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Unknown bacteria in human stomach

The study may help find out how gastrointestinal illnesses develop and treat them.

health and fitness Updated: Jan 09, 2006 12:54 IST

A hitherto unknown community of bacteria - that causes peptic ulcers - has been found to have made the human stomach their home, says a study that may help find out how gastrointestinal illnesses develop and treat them.

The bacteria 'H. pylori' that causes peptic ulcers was discovered in stomachs 20 years ago and has been the subject of a large number of scientific studies. But it has not been clear how wide a range of micro-organisms live in the stomach, reported the online edition of BBC News.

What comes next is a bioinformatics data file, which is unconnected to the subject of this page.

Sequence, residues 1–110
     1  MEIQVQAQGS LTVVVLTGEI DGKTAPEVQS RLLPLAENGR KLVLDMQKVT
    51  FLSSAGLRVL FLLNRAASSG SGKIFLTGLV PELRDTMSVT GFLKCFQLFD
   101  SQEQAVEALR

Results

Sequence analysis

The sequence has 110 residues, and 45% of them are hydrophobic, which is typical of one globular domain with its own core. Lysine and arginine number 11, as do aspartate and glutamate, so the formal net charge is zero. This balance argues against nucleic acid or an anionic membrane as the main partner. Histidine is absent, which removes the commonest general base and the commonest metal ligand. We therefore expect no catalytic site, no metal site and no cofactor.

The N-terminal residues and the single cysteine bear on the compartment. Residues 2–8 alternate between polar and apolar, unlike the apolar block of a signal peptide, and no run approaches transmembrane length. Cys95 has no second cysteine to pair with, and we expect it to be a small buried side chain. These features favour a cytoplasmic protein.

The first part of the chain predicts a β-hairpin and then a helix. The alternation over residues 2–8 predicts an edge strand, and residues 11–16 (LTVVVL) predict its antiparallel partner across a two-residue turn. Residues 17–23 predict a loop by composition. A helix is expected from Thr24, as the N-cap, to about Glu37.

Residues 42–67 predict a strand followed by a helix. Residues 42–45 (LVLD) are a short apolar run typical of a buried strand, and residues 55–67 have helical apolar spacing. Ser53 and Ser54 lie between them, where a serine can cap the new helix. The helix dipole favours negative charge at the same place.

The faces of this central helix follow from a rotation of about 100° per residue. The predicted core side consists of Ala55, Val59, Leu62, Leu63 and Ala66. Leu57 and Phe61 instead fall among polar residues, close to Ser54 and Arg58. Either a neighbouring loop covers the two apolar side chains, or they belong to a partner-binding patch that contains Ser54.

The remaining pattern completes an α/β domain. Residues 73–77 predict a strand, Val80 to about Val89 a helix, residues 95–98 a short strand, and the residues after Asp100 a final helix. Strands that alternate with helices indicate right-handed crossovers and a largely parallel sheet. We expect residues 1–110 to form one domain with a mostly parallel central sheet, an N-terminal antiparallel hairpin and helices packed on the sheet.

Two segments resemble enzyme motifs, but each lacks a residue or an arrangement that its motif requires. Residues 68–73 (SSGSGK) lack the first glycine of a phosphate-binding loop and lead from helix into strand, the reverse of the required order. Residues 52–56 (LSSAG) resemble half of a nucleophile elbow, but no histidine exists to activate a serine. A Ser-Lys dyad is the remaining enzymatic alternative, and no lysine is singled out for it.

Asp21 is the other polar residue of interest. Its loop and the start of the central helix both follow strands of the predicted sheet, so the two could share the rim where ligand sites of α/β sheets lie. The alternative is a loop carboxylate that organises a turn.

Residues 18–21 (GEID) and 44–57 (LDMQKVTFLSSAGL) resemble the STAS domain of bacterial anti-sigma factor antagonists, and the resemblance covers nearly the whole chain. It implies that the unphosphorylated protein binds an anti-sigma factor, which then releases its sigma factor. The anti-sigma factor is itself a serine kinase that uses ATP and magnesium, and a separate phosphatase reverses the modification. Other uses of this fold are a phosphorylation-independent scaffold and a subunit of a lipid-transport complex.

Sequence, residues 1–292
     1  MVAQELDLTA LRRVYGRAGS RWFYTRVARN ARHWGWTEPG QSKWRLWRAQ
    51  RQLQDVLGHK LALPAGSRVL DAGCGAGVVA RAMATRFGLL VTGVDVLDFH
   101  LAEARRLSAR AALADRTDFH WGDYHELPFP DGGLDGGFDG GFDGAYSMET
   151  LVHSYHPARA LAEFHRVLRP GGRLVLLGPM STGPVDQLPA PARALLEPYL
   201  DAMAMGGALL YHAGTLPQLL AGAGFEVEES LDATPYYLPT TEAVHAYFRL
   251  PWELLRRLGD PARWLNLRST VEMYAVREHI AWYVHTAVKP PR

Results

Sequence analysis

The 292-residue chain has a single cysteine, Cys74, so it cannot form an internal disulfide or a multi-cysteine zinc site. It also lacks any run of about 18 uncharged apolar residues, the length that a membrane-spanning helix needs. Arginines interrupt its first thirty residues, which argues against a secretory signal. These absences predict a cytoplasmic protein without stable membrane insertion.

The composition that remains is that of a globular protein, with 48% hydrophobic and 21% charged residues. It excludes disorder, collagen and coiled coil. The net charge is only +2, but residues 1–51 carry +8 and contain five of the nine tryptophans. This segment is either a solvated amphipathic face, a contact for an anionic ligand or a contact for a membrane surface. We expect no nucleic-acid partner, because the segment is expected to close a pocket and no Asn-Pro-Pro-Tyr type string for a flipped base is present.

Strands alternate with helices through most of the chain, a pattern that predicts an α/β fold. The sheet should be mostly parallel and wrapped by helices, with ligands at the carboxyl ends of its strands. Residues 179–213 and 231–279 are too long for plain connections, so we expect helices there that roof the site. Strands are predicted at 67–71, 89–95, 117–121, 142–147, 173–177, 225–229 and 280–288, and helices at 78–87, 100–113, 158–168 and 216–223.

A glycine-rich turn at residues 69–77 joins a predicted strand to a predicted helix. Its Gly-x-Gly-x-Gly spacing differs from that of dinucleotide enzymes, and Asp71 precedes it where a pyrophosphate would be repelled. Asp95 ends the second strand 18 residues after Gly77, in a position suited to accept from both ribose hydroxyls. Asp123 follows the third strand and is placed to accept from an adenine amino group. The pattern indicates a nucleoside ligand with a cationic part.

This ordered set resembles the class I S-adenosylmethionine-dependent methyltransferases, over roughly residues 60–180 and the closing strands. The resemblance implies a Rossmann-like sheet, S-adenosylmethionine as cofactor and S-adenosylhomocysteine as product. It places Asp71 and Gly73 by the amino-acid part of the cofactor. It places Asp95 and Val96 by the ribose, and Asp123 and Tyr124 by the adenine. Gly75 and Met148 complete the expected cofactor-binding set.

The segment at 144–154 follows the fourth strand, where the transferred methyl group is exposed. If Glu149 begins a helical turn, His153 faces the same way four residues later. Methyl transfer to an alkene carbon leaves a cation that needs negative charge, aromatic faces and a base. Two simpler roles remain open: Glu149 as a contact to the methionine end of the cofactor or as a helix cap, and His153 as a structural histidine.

Researchers at Stanford University carried out molecular analyses of gastric samples from 23 volunteers and found at least 128 different types of bacteria.

Some were types that had been identified in the mouth or oesophagus. But 10 per cent of the types were genetically distinct from any previously reported bacteria.

One was related to a group that includes deinococcus radiodurans, a bacterium found in radioactive waste sites, hot springs and animal faeces. The researchers say this is the first time a similar bacterium has been identified in a human.

In addition, H. pylori was found in samples from 19 people studied - although conventional tests had only detected its presence in 12 of them.

The researchers, led by Elisabeth Bik, said larger studies analysing gastric micro-organisms, focusing on whether there were significant differences between genders or in people from different ethnic and racial groups, were needed.

First Published: Jan 09, 2006 12:54 IST